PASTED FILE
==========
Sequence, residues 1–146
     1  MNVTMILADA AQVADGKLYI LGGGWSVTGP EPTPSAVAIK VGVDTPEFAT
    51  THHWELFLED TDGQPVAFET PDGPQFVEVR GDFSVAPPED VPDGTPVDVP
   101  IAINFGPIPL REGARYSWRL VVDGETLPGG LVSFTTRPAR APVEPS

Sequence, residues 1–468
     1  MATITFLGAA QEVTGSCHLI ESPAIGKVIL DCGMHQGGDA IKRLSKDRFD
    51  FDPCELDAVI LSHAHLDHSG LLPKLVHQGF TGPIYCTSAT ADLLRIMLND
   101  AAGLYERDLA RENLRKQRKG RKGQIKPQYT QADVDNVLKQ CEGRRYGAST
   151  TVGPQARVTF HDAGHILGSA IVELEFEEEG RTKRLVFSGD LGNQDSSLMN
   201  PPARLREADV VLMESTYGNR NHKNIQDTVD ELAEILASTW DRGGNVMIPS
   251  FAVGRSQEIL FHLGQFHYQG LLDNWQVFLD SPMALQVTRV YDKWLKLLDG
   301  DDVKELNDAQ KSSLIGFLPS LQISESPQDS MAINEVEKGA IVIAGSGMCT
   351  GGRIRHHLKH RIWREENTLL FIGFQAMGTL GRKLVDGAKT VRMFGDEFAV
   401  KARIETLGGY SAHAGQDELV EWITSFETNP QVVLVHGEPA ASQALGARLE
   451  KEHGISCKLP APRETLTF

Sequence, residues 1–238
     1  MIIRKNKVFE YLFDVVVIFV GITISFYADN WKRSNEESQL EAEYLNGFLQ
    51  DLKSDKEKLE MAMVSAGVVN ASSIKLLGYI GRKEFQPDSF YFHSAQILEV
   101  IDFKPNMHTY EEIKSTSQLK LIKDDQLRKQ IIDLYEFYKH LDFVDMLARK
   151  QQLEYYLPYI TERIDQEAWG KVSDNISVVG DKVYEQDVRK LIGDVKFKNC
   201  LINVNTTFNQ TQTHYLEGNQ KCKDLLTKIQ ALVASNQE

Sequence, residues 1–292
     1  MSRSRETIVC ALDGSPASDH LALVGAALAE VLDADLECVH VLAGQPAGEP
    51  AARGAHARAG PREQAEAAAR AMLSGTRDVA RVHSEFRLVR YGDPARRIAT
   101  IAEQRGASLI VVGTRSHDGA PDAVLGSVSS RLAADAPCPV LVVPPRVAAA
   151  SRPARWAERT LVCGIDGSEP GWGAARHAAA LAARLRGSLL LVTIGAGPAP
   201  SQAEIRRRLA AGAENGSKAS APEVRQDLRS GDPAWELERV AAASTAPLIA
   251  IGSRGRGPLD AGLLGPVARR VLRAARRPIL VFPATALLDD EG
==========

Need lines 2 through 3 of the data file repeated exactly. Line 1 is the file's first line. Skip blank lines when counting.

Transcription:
     1  MNVTMILADA AQVADGKLYI LGGGWSVTGP EPTPSAVAIK VGVDTPEFAT
    51  THHWELFLED TDGQPVAFET PDGPQFVEVR GDFSVAPPED VPDGTPVDVP